March 10, 2014
We sailed up the Yangtze all last night. There was an embarkation talk this morning that was a bit of a snooze but I found a weak WiFi signal to use and kept busy.
The main event today was a visit to a Viking supported elementary school in Yueyang. I will admit that I was not overly enthusiastic about this. It seemed that it was a purely PR stunt by the cruise line and that it would be cheesy. Boy was I wrong.
We were greeted by the Mayor of this riverside city in Hunan Province. She posed for a picture with a few of us and we boarded the bus for the school. The was a welcoming banner on the city dock building. We arrived to a very loud drum beating, flower bedecked crowd of little kids.
The children had prepared a little show for us elderly tourists who were delighted by their enthusiasm and cuteness. Now we all know that little kids are universally charming. It this was proof positive that the kids were not Maoist automatons. I hope the video works and conveys the feelings.
We then went to a classroom for 8 year olds. There were 67 seats in a normal sized room. The kids had been encouraged to have us write a few English words in their study books. We were swarmed. One of our companions said that she now knows what It’s be like to be Justin Bieber.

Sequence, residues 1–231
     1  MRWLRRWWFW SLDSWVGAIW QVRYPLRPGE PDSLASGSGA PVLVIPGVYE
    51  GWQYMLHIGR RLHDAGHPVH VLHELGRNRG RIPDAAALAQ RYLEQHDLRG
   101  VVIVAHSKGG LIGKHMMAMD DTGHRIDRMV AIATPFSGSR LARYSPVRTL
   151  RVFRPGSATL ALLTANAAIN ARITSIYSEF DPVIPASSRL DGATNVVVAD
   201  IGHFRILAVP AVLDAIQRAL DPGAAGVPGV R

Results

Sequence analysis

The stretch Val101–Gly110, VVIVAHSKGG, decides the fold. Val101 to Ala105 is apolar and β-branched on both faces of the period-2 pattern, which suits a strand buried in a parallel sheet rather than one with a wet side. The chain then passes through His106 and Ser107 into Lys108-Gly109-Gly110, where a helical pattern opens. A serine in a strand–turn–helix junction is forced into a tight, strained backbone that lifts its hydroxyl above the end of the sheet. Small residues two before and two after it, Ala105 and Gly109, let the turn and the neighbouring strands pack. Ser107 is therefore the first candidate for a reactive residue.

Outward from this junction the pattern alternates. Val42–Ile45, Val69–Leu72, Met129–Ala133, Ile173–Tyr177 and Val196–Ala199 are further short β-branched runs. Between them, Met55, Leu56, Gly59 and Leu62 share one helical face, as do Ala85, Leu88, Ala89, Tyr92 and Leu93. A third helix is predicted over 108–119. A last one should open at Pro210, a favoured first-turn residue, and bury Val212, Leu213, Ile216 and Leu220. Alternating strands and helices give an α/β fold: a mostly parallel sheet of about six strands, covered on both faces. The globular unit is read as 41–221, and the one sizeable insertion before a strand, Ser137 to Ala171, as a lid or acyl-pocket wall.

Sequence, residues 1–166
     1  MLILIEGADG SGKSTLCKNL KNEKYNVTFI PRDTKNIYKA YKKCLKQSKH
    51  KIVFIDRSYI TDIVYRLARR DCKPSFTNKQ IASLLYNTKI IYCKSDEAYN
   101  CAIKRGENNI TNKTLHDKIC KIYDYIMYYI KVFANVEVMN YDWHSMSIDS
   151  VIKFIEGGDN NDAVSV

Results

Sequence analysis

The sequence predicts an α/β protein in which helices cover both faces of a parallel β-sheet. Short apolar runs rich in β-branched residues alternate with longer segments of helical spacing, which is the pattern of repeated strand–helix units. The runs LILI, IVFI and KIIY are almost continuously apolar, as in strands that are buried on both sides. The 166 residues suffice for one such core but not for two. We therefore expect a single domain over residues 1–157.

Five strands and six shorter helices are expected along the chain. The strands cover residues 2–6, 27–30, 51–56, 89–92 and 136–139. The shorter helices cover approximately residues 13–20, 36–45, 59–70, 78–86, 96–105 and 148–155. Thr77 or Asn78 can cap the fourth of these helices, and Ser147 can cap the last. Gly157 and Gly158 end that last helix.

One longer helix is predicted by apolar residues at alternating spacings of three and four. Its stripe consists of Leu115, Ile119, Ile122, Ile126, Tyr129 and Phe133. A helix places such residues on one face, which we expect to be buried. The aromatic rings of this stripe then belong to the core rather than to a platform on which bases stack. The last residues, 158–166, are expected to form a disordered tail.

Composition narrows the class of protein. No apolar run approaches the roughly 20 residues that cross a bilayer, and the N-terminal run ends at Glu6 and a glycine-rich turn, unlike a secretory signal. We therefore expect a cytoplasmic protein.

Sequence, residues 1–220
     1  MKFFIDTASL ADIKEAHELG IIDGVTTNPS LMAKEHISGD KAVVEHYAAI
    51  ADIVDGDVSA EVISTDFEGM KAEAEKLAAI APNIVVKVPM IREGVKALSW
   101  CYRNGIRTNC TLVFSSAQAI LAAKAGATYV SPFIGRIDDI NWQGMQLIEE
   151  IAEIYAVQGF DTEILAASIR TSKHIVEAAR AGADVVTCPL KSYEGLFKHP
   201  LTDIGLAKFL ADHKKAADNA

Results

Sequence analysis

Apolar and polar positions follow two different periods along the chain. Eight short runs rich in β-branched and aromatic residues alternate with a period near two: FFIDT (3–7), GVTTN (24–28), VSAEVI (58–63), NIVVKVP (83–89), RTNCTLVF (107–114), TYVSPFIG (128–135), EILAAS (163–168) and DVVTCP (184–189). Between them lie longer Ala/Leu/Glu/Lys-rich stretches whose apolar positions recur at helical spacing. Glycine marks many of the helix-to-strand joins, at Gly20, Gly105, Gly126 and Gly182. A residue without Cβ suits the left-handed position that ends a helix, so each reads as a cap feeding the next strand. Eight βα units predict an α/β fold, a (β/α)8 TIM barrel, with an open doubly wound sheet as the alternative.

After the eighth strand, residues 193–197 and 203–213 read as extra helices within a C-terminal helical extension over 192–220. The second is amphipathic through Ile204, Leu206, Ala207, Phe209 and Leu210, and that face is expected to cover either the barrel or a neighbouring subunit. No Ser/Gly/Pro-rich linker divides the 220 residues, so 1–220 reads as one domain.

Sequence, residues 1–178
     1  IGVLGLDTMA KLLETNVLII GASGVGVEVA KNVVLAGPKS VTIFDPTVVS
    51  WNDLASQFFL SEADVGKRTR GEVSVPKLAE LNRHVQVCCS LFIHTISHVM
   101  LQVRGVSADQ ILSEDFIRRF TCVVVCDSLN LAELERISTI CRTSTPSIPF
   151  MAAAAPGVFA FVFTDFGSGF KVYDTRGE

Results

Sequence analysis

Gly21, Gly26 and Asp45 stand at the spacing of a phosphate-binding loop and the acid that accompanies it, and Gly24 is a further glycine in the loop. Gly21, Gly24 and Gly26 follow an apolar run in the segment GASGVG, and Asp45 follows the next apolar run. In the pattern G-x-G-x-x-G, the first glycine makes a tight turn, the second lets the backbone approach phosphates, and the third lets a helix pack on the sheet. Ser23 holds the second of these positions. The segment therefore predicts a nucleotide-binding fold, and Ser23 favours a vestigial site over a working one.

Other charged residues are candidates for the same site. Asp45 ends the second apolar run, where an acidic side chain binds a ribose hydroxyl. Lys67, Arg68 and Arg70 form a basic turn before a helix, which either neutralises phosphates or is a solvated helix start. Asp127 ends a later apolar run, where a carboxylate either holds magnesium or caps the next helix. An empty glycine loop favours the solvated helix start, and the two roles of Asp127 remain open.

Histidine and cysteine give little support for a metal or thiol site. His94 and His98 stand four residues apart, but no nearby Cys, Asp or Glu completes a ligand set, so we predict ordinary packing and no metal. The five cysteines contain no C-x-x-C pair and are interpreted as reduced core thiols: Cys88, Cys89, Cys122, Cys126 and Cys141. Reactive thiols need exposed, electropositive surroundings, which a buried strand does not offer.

Even I was touched. It was great fun to take a picture of a kid and then show them their picture in the camera.
Although his school was selected by Viking as a public school for not well off parents, the kids all had shoes and what seemed nice clothing. These were not the starving Chinese kids of my childhood dinner lectures. It was great and I took back all of my misgivings.
The industrial port and city were a convenient short stop on our way up the river to the more scenic parts of the trip. It is very much like the Mississippi but with no Huck Finns.
After the intensity of the last few days, it is nice to have a rather slow paced day. A river cruise ship is certainly different than the ocean going cousin. The behemoths of the seas dwarf our 250 passenger ship. We took a few pictures to give a feel for its diminutive scale. Despite the smallness there are still shops and bars. You can even have silk clothing tailored for you. We enjoyed a leisurely lesson in the art of tea brewing and the characteristics of white, green and the darker teas. Unfortunately, the idea of carrying tea sets in our luggage for a month precludes any purchases. She did say we must have excellent taste since the sets we immediately picked out were the finest translucent porcelain even though they were not the most expensive. Of course, we know that we always gravitate to the finest. Fortunately, I can usually come up with a rationale to avoid purchase.
We keep passing barge after barge on our way to the Three Gorges Dam. Tonight we are to ingest a special Chinese meal. Hopefully, it will not include the spiny backed bug thing we saw pictured in the Shanghai airport restaurant. We shall see.
OK I can report that the dinner did not include bugs. Delicious scallops and ten or twelve other dishes. Later we attended a charming show of traditional Chinese costumes featuring the crew as models. The pictures say it all.